The lack of adequate connections with the city, which has characterised this area of Rome until the recent opening of the underground and the reinforcement of bus lines, has contributed to making this neighborhood more and more marginalised, accentuating existing problems. In addition, the lack of public spaces such as squares, cultural centres, game rooms, etc., has strongly impaired social ties and community building. As a consequence, children are too often fascinated by delinquency models.
Moreover, a limited use of social and healthcare services is registered in the neighborhood. The disadvantaged social groups use social and healthcare services badly and little, or use only emergency structures. In fact, children belonging to these groups come to the attention of social services only when problems and disorders are evident and full-blown.
Since September 2016, Associazione 21 luglio has been leader of a network of organisations that have been managing a community center (called “Polo Ex Fienile”) in Tor Bella Monaca for a period of six years renewable for a further six years. The community center is a hub that provides a focal point and facilities to foster greater local community activity and brings residents and organisations together to improve the quality of life in their area.
In the activities promoted at the community center, the Association pays particular attention to involving Roma people who live in institutional slums and informal camps located in or close to the neighborhood.
In an extremely peripheral position in the VI Sub-Municipality is located the biggest Roma slum in Europe (Salone slum). The slum hosts around 600 inhabitants (including 331 minors aged 3-16) in a condition of extreme poverty, housing segregation and conflict with the neighborhood. The school attendance rate of children living in the slum is around 16,5% and only 10 out of 140 minors aged 0-6 occasionally go to preschool. The reasons that lie behind such low attendance rates are related to the condition of poverty, illiteracy, marginalisation and discrimination that characterise the lives of the Roma community.
A first issue is Roma families’ perception of the institutions and, more in general, of the outer world: decades of inadequate policy produced housing segregation, exclusion from the job market and social marginalisation and pushed the majority of Roma families to develop a strong feeling of mistrust in institutions and fear of the mainstream society. As a result, lots of them prefer to bring their children up in a protected environment such as home, renouncing to send them to preschool or school. Moreover, due to irregular status and widespread poverty, some Roma parents prefer to keep their children as “invisible” as possible, fearing to lose their parental responsibility, as frequently happened.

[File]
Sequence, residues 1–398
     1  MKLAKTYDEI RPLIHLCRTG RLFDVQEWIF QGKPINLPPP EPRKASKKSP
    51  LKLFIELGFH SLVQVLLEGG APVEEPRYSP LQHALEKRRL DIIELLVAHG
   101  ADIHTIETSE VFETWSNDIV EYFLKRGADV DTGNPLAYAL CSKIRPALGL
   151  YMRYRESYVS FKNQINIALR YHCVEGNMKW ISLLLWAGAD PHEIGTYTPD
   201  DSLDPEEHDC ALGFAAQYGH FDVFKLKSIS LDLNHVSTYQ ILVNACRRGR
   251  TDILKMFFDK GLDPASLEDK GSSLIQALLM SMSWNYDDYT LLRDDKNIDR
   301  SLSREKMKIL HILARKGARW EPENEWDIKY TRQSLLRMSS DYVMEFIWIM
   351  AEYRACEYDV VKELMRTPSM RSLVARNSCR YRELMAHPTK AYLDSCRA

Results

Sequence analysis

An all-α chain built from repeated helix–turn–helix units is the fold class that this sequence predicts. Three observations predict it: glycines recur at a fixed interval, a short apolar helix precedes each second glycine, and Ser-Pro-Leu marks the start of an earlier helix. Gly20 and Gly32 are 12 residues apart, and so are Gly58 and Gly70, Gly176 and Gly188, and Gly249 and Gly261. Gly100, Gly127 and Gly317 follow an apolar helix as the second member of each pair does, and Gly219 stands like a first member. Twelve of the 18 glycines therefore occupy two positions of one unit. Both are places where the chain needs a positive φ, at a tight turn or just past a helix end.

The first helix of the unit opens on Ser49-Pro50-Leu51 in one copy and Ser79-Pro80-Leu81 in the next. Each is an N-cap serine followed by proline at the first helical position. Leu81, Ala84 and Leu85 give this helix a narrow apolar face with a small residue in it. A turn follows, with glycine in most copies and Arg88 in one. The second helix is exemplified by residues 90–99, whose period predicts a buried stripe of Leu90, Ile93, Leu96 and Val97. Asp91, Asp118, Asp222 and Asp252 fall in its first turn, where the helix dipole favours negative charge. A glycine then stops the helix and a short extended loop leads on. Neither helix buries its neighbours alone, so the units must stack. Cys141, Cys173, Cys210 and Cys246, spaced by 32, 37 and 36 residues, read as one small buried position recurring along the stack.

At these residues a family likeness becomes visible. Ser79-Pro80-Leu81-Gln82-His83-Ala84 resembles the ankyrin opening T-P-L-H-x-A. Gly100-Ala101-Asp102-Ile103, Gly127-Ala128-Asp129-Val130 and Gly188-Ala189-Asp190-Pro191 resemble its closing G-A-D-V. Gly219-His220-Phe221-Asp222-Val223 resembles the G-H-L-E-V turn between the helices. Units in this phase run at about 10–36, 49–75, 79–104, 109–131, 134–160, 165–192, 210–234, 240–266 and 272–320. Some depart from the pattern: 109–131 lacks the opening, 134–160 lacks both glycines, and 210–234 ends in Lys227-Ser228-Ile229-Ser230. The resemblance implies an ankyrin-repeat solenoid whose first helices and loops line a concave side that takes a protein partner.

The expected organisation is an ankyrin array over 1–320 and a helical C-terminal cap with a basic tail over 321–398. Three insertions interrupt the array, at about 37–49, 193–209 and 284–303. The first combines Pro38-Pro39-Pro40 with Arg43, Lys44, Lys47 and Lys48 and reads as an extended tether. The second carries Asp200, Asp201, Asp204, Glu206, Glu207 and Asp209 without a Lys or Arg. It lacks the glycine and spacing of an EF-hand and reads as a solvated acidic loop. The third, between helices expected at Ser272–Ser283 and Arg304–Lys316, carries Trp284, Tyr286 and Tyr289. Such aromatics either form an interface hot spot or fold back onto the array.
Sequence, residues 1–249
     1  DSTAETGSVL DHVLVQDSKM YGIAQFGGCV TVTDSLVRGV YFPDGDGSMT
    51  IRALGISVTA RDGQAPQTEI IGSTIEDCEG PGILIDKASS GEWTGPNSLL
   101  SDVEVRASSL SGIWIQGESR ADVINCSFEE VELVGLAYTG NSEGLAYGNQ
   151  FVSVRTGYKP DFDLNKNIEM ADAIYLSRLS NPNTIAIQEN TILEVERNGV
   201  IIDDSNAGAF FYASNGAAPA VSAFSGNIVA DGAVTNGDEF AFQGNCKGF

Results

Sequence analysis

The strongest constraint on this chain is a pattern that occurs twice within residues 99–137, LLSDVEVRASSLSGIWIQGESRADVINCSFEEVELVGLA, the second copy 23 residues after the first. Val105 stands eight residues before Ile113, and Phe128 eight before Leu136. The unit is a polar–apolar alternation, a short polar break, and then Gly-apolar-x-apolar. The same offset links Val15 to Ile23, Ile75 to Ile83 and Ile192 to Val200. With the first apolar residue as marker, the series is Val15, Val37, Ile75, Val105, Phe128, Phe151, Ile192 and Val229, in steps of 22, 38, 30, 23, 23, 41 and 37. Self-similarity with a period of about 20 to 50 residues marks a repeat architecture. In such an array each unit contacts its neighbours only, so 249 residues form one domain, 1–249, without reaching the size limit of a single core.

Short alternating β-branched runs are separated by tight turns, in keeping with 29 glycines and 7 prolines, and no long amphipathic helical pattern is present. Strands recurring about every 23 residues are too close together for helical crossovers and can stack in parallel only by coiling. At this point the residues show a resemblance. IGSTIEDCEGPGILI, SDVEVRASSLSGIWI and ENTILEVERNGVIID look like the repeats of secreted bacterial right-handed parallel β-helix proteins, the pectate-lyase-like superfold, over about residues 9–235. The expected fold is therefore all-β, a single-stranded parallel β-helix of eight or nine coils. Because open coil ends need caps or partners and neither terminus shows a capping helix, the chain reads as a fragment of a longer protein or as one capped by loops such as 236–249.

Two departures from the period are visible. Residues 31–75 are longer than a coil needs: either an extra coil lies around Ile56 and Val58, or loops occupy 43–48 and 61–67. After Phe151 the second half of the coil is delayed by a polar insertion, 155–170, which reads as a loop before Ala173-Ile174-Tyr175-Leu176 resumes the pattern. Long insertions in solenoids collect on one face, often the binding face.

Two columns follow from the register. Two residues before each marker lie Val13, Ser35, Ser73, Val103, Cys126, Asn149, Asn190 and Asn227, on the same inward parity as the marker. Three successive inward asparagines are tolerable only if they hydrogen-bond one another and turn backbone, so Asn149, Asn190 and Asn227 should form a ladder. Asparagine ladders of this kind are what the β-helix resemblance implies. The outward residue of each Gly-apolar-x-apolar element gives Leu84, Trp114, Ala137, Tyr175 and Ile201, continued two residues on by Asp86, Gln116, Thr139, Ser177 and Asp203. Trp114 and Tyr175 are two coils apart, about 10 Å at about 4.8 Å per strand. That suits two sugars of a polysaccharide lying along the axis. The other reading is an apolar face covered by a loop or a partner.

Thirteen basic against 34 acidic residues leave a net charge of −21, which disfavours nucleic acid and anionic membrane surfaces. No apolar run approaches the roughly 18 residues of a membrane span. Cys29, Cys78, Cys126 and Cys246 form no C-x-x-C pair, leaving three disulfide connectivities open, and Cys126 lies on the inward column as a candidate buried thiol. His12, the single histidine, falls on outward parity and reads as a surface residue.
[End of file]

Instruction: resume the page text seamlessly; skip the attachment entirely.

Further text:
Another reason of the low attendance rate is connected to the high level of illiteracy within the Roma community that makes Roma parents unable to understand the importance of school for their children and to know how to take all the bureaucratic steps necessary to access school. For instance, many families encounter difficulties when it comes to enrolling their children at school because the procedures are online, thus discriminating Roma (and other) parents who have no Internet access.
However, the major bottleneck related to the school enrollment of Roma minors is that almost 40% of non-EU citizens living in the Salone slum are irregular and some of them are unrecognised stateless persons. Therefore, it is easy to understand how the lack of a regular residence permit, or of any other identity document, affects the possibility to access school services.
Another critical aspect is the precarious hygienic-health conditions in the slum and the low access rate to healthcare, especially maternal and pediatric care. It is worth mentioning that a burner which belongs to the German corporation BASF is located few meters from the slum. In 2003 the local health service had classified the burner as “first class noxious factory” forbidding any kind of settlement in the surrounding area. Nevertheless, the corporation has carried on its activities in all these years, pouring its sewage in the river Aniene and stocking dangerous waste in a temporary garbage dump, thus polluting the surrounding inhabited area.
The difficulties encountered while accessing healthcare services also depend on several factors, all related to the condition of social and economic exclusion of the majority of Roma families, including legal and administrative obstacles.
A21's project received a grant from the Nando and Elsa Peretti Foundation to increase the opportunities for psychosocial development of Roma and non-Roma children from disadvantaged background living in the VI Sub-Municipality of Rome.